If the English voters who are to vote in the coming general election called for by the PM to legitimized her reign as PM, (being that she became the PM by selection within her Party to replaced the incumbent PM that resigned), are not comfortable with the regulations the Conservative Party that’s being headed by Theresa May are proposing to introduced if they won the general election, I suggest the electorates should vote the Conservative Party and Theresa May out and vote in the Labour Party with Jeremy Gorbny of the Party elected as the new Prime Minister. And by the outcomes of pre-election polls being conducted, it’s becoming increasingly looking the Conservative Party and Mrs May may lose out in this general election.

    The Premier League has been reported in the media to have awarded Arsenal FC a total sum of just over £139m as their own share of the television money right of last season’s campaign. With this huge fund and other funds available in the Arsenal’s cash vault, lack of money should not be a hindrance anymore to sign one 35 League goalscorer/season marquee striker this summer in addition to renewing the deals of Sanchez and Ozil.

  • We are having some technical problems with comments not appearing as I try to adjust the site in preparation for possible difficulties of the type outlined above.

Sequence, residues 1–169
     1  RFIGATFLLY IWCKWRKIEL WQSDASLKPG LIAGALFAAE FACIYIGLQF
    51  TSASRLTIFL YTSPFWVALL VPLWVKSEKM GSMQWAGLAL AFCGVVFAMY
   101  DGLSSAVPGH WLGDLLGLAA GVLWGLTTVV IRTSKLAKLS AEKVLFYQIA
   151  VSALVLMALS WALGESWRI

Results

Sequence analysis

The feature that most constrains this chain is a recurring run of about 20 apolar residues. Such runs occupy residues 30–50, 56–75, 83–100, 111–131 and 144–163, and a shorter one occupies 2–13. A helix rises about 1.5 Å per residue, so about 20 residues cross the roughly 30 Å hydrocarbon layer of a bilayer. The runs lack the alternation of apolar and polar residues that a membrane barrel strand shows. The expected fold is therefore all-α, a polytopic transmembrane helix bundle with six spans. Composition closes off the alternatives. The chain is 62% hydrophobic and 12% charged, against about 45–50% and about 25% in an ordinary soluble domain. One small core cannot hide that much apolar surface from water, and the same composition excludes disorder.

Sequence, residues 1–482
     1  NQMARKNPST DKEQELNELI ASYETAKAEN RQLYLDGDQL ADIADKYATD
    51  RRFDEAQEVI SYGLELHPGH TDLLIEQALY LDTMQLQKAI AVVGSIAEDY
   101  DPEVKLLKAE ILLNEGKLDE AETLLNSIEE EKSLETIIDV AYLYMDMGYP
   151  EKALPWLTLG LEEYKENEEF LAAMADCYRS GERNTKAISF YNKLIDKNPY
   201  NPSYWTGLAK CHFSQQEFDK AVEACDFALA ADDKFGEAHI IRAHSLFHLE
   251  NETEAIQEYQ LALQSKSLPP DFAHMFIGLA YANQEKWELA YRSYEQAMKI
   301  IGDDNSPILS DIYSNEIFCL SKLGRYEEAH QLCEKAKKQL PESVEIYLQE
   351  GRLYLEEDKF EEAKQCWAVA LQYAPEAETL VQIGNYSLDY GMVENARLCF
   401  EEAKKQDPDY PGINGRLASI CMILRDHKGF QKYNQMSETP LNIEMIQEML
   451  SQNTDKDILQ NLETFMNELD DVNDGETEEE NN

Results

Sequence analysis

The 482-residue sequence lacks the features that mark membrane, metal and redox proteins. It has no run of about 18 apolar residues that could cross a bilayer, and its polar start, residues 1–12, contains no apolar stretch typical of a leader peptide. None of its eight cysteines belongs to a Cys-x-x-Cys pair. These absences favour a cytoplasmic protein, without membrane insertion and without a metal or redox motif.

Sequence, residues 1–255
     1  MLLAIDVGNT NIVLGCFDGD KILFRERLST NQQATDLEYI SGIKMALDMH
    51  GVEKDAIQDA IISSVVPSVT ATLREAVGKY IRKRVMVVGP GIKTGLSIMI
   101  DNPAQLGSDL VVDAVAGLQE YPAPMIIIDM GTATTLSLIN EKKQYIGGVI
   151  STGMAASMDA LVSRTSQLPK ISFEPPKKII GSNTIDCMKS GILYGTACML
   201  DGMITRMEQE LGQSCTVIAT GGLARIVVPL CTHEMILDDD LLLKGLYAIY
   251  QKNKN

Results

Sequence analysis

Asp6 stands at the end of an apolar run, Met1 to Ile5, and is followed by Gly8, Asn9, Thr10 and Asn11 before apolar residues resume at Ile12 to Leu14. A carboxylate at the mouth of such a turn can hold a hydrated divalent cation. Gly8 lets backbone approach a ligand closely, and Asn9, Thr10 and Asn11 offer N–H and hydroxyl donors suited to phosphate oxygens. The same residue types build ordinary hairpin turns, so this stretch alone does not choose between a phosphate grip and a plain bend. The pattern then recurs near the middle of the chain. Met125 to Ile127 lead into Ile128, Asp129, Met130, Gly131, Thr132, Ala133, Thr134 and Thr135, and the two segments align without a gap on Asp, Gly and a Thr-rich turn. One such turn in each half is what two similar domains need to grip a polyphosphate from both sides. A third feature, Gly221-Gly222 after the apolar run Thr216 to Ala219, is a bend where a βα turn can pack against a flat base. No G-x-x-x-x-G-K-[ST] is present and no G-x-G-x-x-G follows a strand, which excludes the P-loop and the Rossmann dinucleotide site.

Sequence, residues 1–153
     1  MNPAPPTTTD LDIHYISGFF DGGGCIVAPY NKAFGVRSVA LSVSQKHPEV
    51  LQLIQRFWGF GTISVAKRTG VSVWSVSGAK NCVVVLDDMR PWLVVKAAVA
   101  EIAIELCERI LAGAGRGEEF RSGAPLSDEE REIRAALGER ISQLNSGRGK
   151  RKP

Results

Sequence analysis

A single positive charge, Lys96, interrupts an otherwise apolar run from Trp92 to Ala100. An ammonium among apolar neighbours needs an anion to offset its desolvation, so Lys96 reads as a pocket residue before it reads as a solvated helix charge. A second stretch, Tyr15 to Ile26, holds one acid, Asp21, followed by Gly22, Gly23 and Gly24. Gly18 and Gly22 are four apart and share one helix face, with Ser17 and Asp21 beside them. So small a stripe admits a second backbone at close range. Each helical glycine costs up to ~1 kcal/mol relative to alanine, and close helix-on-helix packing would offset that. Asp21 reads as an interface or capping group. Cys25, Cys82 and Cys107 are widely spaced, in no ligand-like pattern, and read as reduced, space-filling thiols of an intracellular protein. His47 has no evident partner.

If your comment does not appear please give it half an hour if you have had a commeent posted before, or a couple of hours if you are posting for the first time, and then email

    Please tell me

    The screen name you are posting under
    The email address you listed
    The IP address of the computer you are using.

    I will see what I can do.

  • Laos gooner

    I wonder whether this internet censorship would actually work. We have, in my opinion, an extremist government. Should they be restricted in their use of the internet? Much of what is presented by political parties is open to debate regarding the accuracy of information provided. Not only should we worry for Untold, but for the whole of society if we are to be dragged into the nightmare May-wellian future. I was blogging in my sleep, I was

  • Clockendrider

    I understand the authors concern. Big Brother is not something I want. At the same time it is the Labour Party which got us into this mess by engaging in unjustifiable, unwinnable, illegal wars. It a bit rich to look to them now for deliverance. Anyone else remember the “ethical foreign policy” we heard so much about in the run up to 97? I wonder what became of it.